The project was organised so that Creation Theatre was hosted by the Ashmolean. The Creation Theatre website states that ‘All over Oxford we find unusual spaces – these stories aren’t set in theatres so we don’t put them there. Castles, antique mirror tents, college gardens, bookshops and factories… we’ll go wherever the stories take us, and so far we’ve taken over 500,000 people with us…From the thousands of children who’ve told classic stories in new ways through our education programme, to our professional actors and directors’ (Creation Theatre). The Hercules project fit with this. “Working in the Ashmolean is great for our workshop kids, as it provides a hands-on opportunity for them understand the historical context of the text they perform. By performing in a museum, the students can further understand the interplay between theatre and history – using drama as a form of storytelling.  It also helps to boost their confidence, by performing in an public space.” Maddy Breen, Education Manager, Creation Theatre Company 2016

In a document evaluating the success of the Hercules project I suggested that Anthony and Cleopatra could be the next production for 2016. This is a play by William Shakespeare set in Egypt and Rome, with the two main characters from the two locations. In terms of relating to the objects, the Randolph Sculpture Gallery at the Ashmolean contains Greek and Roman sculpture, and Gallery 27 ‘Egypt Meets Greece and Rome’ ‘charts the history of Egypt after the death of Alexander the Great’ (Ashmolean Floor by Floor Guide 2011 p.57). This would link in well with the ‘Crossing Cultures Crossing Times’ curatorial theme of the Ashmolean which is based on the idea that cultures influence each other and encourages connections between cultures.  The project ran this summer, to coincide with the Shakespeare Anniversary Celebrations, performance in the Cast Gallery. 

This year technology was integrated into the learning process- the students collected information and created picture collages about the objects in the museum on iPads for inspiration.  The Education Officer gave a brief historical introduction to the historical period of Antony and Cleopatra and the relationship between Rome and Egypt and a tour of some of the key objects in the galleries.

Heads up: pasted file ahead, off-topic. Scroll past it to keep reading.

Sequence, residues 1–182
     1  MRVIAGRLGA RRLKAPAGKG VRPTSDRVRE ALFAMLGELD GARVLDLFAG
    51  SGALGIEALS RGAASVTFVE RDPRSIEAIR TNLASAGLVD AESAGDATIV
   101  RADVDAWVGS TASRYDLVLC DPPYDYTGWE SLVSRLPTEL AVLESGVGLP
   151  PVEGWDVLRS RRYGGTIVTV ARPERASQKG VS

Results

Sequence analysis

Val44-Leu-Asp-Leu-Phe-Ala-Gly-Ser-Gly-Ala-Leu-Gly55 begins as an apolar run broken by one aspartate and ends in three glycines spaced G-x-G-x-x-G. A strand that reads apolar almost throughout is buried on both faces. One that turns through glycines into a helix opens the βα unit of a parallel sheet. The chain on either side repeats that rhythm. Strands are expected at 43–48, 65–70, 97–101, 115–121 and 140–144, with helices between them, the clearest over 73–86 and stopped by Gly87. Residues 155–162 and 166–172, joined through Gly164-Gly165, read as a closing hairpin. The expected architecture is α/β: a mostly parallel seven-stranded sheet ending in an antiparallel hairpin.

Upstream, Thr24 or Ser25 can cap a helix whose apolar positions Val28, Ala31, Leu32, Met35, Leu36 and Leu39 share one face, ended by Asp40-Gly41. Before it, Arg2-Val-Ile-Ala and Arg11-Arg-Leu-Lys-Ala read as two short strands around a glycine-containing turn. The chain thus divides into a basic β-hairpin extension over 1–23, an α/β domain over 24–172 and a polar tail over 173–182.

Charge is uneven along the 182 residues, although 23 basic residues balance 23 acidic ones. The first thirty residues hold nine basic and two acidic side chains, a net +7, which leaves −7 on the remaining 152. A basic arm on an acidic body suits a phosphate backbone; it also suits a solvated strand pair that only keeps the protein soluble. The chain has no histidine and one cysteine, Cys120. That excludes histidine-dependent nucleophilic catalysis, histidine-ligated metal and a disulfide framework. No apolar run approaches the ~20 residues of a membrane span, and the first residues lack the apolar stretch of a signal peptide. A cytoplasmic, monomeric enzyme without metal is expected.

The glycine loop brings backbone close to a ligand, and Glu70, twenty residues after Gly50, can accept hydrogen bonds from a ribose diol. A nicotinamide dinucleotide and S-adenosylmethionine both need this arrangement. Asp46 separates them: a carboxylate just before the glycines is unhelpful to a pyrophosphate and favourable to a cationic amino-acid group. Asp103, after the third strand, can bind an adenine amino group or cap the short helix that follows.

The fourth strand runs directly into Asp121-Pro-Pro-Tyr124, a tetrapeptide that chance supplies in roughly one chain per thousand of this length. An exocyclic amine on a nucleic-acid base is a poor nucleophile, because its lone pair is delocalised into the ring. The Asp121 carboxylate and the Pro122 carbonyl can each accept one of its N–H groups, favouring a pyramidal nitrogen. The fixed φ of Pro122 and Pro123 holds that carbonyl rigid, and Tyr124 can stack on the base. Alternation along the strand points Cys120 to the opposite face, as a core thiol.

The group of students was split in half - 5 in Egypt, 5 in Rome - and each was given a separate topic to explore and they each made a page of inspiration and ideas from real objects which they emailed to themselves. They used these to imagine how they would create a set and props for the play, back at their next workshops.

I could see the influence on the costumes in the final performance, in the round within an area marked out by a string, in the Cast Gallery. Though short the performance gave a good idea of the themes of the play and inspiration from museum objects, a daytime performance unusual at the Ashmolean.

Creation Theatre are next partnering with the Ashmolean for a late night event Under the Sea the theme fitting with the current exhibition of Storms, War & Shipwrecks, allowing visitors to explore the museum after dark with interactive theatrical performances in the galleries. This explores a different audience demographic with a paying audience.

I wrote the Hercules project to explore the possibilities of creative interpretation of well known tales exploring a new possibilities of museum theatre and education, object interpretation and storytelling. The project was developed to run a second year and I believe it could run in future years. My suggestions for future projects include: Agatha Christie’s Murder in Mesopotamia, to be performed in gallery 19 Ancient Near East. This gallery contains items from an area which now includes Iraq. Agatha Christies’ husband Max Mallowan was an archaeologist who worked on the sites referred to in her books . The novel ‘Murder in Mesopotamia’ published in 1936, included descriptive writing from trips to this area. Mallowan was an archaeologist who had studied Classics at New College here in Oxford, there are great links to the history of Oxford and the history of the collections of the Ashmolean. 

The Trojan War, this is a Greek myth involving the character of Laocoon and warriors hiding inside a huge wooden horse. In terms of objects at the Ashmolean there is a cast of the priest Laocoon being murdered by two snakes, this is one of the most complex and stunning of the casts.

When asked what is the future of this kind of project in the museum, Jo Rice Head of Education at the Ashmolean says that “Drama is part of a range of creative and interpretive tools and techniques we use to bring the Ashmolean collections to life and to engage with new audiences. Drama in the galleries is something we would like to continue to explore, use and develop.” Jo Rice Head of Education, Ashmolean Museum, 2016